A brief history of working time

By the time its implementation is complete, the Working Time Directive will
be almost 20 years old.  We look at the
potential impact of the changes still to come

The
effect of losing the opt-out on UK industry

Three
senior HR professionals explain how their industry would be affected if the EC
were to remove the UK’s opt-out from the Working Time Directive, which allows
employees to choose to work more than 48 hours a week.


Utilities

Paul
Pagliari
HR director at Scottish Water, believes losing the opt-out would
be disastrous.

"We
need our workforce to work if there is an emergency," he said.
"Public health and our ability to supply a service to the public depend on
it."

Pagliari
said many workers are happy to sign the opt-out, and are happy to work if there
is a need.

He
said the move may be an attempt to stop bad practice and a long-hours culture,
but believes a blanket ban is not the way to do this.

If
the opt-out is lost, he said, Scottish Water and other utilities will have to
plan cover better, and this will cost more.

"Losing
the opt-out is impractical, it is not the ideal solution. It will cause us real
operational difficulties," he said.


Construction and engineering

Lynda
Vaughan
, personnel and training manager at foundation and underground
engineers Bachy Soletanche, said removing the opt-out would hit the company
hard.

"We
rely on overtime to meet our client project deadlines," she said.
"With the scarcity of labour and skills and the ‘unsexy’ image of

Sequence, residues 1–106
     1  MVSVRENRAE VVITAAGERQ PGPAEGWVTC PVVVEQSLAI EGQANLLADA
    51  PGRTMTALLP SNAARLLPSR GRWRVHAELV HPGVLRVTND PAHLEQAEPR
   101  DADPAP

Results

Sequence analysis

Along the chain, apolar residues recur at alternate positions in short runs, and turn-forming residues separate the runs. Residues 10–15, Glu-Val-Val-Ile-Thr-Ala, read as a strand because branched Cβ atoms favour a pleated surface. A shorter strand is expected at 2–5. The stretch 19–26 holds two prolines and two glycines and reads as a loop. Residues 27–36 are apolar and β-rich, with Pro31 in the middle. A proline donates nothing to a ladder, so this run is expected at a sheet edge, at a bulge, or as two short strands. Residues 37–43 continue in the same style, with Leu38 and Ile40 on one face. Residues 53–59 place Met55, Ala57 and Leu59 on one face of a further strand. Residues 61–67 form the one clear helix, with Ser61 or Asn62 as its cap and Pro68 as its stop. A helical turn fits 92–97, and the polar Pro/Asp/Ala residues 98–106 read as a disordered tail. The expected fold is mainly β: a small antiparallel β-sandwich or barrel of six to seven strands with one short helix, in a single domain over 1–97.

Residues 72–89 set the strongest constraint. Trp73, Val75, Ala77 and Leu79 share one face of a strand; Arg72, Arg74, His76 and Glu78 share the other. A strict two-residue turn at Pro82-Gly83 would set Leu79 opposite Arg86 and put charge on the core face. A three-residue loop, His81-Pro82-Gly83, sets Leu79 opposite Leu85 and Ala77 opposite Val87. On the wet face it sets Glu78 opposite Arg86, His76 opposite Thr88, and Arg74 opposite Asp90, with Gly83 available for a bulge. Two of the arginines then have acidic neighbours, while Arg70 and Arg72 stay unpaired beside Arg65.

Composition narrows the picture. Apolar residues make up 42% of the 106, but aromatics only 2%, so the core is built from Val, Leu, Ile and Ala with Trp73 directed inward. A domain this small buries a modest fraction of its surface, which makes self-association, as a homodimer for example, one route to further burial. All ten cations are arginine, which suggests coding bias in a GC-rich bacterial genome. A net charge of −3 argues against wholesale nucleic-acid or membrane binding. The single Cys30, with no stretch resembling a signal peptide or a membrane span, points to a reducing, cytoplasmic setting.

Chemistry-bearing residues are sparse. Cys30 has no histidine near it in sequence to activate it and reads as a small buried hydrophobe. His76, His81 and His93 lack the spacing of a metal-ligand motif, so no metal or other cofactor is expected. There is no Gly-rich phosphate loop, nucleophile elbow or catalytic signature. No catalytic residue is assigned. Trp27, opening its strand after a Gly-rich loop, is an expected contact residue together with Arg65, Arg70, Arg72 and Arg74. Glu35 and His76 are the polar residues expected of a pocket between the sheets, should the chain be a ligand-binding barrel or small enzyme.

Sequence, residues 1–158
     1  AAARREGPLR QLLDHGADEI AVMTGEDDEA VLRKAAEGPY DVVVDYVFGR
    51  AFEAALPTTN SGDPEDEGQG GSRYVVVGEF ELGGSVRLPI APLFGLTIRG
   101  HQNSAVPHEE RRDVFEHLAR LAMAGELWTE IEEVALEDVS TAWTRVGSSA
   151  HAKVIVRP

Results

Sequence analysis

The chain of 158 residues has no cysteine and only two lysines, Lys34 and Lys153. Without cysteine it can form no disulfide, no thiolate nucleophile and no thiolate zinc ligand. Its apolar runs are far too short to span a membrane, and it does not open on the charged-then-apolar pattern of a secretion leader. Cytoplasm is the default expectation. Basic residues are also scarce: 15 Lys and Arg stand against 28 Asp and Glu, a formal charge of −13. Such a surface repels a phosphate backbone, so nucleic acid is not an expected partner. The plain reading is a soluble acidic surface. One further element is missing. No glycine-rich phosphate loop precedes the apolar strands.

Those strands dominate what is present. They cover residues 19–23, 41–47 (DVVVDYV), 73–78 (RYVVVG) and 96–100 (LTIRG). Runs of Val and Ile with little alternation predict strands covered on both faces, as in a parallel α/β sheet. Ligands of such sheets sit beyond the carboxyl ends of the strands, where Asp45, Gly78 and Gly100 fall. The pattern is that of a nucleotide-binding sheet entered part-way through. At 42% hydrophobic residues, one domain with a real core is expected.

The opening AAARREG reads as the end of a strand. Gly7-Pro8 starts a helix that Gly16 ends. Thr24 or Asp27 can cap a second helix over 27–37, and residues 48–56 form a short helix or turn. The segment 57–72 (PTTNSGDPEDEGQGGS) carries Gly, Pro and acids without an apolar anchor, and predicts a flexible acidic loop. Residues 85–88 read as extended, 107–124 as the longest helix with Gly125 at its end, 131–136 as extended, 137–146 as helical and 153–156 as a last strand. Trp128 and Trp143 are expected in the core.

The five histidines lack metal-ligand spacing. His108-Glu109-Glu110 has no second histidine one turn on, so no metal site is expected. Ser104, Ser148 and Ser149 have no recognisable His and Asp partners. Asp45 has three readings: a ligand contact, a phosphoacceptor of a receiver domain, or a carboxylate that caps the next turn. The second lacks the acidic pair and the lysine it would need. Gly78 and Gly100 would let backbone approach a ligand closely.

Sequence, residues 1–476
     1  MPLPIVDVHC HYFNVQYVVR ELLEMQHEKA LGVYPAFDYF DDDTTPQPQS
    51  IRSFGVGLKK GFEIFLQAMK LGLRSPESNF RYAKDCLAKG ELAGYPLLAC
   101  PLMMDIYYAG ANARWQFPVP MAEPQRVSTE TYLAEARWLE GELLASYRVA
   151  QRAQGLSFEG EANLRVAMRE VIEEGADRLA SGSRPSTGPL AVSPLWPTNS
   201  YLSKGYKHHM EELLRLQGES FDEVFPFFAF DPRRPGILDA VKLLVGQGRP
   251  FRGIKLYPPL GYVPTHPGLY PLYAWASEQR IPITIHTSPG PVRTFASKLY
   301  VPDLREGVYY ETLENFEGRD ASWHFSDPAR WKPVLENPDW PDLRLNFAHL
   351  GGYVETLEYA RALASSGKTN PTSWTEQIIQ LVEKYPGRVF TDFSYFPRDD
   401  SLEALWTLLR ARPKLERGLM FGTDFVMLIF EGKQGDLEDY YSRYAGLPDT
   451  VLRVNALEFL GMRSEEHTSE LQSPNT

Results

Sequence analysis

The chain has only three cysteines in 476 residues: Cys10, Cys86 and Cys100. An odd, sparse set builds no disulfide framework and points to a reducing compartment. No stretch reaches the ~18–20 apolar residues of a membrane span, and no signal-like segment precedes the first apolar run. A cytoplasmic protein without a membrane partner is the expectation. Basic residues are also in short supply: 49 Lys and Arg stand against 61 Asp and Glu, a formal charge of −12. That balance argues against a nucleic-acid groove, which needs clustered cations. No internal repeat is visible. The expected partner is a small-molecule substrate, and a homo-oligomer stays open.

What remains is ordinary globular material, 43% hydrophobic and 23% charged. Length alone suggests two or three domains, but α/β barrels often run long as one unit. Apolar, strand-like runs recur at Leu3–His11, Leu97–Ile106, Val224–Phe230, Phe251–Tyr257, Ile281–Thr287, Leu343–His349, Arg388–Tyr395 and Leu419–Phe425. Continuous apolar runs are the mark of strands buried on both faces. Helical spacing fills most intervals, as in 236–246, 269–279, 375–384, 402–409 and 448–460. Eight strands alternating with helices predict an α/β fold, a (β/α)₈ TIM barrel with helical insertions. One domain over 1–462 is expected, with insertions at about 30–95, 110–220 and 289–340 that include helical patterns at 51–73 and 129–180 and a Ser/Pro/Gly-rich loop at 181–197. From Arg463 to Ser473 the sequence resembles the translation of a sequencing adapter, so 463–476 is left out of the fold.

construction among school leavers, it is increasingly hard to attract young
blood.

"Around
98 per cent of our current hourly-paid site labourers voluntarily sign opt-outs
– because they want the overtime. They live away from home and want to work the
maximum hours possible. It the opt-out was withdrawn it would affect their
lifestyle, give us recruiting problems, and probably make some people leave."

She
said increased costs would be transferred to the client, and work will take
longer to complete.


Banking and finance

Mark
Childs
, head of global compensation and benefits at investment firm
Fidelity, doubts that limiting the working week to 48 hours would change
anything.

He
said in the financial sector people who choose to work long hours, and the distinction
between work and home is increasingly being blurred as new technology allows
home working.

As
a result, Childs believes it will be difficult to stop the sector’s long-hours
culture, even if the opt-out is removed.

"If
people insist on working in the evenings, or calling in during their holidays,
they will. You can’t stop people working in their leisure time."

Linda Gregory, an official with banking union UNIFI, which
represents staff at Fidelity, said many in the sector already work more than 60
hours a week – without signing the opt-out.

Beyond the opt-out: more time to do the work

The Working Time Regulations which came into force in October 1998 were
effectively only a partial implementation of the European Working Time
Directive.

Certain sectors – road, rail, air, sea, inland waterway and lake transport,
sea fishing, offshore oil and gas exploitation, and doctors in training – were
excluded, and the legislation only partially met the requirements of the Young
Workers Directive.

Measures to extend protection to these areas have, however, now been
approved and the Government is consulting on their forthcoming implementation.

– You’ve been HAD The main piece of legislation is HAD – the Horizontal
Amending Directive.1 This will result in the full extension of the existing
Working Time Regulations to all non-mobile workers in the excluded transport,
fishing and offshore sectors.

– Air, sea and road More limited rights will be extended to mobile workers,